NHS England's national medical director, Professor Stephen Powis, said there is still no cure or vaccine for Covid-19 and that more people are now in hospital with coronavirus than before restrictions were announced in March.

"Sadly, as the number of those infected increases, then so will the number of people who die," he said.

"And that's why the Government is looking at what other measures could be introduced in the areas where infection is rising the most.

"As the Secretary of State for Health has said, if we do not take measures to control the spread of the virus, the death toll will be too great to bear."

What are the general restrictions? 

On September 23, the Prime Minister told the country that new, tighter, rules had been put in place around the wearing of face masks, pub opening hours and weddings, while people who are able, have been encouraged to work from home.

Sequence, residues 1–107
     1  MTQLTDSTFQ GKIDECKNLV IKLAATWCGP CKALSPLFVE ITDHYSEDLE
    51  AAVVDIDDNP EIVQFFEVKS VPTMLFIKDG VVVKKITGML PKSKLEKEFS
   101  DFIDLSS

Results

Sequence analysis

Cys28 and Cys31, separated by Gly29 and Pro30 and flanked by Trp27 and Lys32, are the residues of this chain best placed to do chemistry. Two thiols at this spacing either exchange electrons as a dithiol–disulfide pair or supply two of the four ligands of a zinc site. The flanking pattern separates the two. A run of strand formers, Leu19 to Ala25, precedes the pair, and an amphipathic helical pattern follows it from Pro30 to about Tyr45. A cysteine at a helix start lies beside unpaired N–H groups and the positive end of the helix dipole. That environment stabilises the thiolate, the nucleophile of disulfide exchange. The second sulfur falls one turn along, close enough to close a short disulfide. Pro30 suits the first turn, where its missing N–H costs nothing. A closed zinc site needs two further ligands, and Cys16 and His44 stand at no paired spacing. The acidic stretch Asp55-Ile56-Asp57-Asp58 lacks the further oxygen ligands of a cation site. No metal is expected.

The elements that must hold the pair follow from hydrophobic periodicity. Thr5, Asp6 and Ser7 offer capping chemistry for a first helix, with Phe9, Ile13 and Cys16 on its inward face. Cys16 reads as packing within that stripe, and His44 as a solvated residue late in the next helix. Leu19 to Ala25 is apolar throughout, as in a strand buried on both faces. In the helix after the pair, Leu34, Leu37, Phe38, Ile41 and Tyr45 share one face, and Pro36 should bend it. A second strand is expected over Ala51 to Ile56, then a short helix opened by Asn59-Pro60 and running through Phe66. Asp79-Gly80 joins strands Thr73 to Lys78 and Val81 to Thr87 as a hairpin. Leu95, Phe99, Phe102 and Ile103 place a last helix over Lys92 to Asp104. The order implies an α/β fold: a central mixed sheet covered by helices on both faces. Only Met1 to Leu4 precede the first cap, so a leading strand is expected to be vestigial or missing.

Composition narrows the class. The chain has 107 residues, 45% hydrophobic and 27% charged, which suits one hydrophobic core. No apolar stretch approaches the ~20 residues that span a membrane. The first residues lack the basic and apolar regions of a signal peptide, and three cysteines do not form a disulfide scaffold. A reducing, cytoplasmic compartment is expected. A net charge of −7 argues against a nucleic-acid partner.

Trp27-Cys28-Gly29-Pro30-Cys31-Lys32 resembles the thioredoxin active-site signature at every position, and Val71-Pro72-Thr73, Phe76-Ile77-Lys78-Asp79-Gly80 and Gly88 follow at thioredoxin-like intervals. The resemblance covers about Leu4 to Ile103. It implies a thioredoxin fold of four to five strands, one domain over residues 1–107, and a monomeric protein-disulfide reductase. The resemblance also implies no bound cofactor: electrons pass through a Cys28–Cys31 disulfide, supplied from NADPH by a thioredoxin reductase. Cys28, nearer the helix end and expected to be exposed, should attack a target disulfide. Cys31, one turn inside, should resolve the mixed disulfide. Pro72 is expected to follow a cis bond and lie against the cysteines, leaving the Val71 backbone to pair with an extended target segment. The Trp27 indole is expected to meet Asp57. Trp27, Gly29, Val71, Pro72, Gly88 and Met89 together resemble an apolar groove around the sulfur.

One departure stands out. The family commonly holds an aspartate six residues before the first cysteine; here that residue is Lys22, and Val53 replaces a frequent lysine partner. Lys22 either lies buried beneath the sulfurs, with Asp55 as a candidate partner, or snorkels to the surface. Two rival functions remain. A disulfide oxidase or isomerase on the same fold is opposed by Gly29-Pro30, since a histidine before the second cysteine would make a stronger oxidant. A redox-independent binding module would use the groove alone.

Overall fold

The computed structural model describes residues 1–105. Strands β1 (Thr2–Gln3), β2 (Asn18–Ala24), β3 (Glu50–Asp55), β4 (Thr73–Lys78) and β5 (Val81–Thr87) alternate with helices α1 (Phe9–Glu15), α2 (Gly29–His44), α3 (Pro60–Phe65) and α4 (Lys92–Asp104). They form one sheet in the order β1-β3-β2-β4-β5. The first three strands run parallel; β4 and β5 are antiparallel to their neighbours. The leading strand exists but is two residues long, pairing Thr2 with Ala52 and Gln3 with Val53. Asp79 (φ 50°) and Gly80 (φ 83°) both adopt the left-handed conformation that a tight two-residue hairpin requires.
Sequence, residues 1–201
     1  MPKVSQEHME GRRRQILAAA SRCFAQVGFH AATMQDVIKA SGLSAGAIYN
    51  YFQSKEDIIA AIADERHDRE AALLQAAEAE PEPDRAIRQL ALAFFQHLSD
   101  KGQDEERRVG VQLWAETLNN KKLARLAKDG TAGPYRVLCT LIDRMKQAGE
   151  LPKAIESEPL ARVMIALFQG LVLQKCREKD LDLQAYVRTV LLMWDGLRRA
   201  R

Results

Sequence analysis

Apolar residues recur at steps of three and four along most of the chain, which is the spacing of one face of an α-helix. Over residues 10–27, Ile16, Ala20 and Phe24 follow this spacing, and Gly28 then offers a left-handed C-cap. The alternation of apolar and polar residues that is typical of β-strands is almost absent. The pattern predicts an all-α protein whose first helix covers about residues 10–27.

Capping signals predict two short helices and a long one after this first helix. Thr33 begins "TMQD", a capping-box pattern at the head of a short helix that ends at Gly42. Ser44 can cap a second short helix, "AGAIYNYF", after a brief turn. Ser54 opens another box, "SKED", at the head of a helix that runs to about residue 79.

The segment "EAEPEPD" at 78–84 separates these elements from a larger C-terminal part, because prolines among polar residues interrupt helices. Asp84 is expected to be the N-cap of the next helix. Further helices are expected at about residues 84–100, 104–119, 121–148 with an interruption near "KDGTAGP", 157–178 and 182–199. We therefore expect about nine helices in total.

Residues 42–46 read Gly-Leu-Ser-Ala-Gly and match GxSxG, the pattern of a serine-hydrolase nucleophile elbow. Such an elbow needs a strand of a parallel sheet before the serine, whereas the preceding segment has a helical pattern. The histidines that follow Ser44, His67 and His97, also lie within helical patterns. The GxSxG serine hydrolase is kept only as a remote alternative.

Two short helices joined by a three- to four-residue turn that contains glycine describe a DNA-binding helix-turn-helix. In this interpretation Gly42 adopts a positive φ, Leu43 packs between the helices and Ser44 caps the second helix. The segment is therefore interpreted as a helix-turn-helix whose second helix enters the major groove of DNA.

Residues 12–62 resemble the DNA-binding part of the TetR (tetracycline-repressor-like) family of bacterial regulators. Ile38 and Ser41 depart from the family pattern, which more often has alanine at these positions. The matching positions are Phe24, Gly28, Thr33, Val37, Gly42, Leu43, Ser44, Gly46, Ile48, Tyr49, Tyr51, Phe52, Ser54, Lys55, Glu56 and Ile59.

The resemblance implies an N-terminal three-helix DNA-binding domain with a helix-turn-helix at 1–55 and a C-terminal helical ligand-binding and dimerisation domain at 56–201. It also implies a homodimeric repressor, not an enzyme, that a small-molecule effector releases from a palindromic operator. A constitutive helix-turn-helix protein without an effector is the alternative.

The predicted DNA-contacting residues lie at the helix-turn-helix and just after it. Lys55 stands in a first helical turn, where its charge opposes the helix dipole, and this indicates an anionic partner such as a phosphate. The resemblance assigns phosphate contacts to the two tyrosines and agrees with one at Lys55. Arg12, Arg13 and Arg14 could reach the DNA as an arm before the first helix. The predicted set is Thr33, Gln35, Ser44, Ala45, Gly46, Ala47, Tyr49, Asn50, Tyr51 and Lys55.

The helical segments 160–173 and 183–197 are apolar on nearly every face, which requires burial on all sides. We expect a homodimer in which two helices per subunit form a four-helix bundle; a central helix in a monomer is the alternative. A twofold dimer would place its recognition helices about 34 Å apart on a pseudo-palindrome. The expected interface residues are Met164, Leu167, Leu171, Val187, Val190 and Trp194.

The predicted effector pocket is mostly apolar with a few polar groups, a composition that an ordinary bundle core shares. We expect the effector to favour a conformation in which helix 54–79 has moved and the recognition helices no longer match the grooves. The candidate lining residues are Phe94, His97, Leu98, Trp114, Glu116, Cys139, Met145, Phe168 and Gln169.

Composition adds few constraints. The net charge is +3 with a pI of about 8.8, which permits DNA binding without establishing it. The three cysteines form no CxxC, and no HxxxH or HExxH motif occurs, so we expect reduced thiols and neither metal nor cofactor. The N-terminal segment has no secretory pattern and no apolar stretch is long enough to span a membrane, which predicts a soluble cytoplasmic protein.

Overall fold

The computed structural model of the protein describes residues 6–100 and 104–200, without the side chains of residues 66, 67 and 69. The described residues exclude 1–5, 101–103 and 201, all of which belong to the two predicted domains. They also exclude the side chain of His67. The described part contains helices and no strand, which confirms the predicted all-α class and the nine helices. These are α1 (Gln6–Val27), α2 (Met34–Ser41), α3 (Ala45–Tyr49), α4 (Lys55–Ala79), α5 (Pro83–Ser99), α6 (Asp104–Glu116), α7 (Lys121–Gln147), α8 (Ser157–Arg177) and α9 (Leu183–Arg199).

But on September 30 he said he was confident Britain would get through the latest outbreak of the coronavirus. 

"I am absolutely confident that with better treatments and with the prospect of a vaccine we will get through this," he told a No 10 news conference.

"Let's follow the rules, wash our hands, cover our faces, observe social distancing, download the app, and together we will fight back against this virus, protect the NHS and save more lives."

The restrictions will be in place for the next six months unless there is "palpable progress", the Prime Minister said.

Here are the key points from the Prime Minister's statement to the House of Commons last month:

  • Office workers who are able to work from home should do so.
  •  Pubs, bars and restaurants in England must close by 10pm each night.
  • The hospitality sector is now restricted to table service.
  • Face coverings must be worn in taxis and private hire vehicles, and by retail staff at work.
  • Customers in indoor hospitality must also wear face coverings except when seated at a table to eat or drink.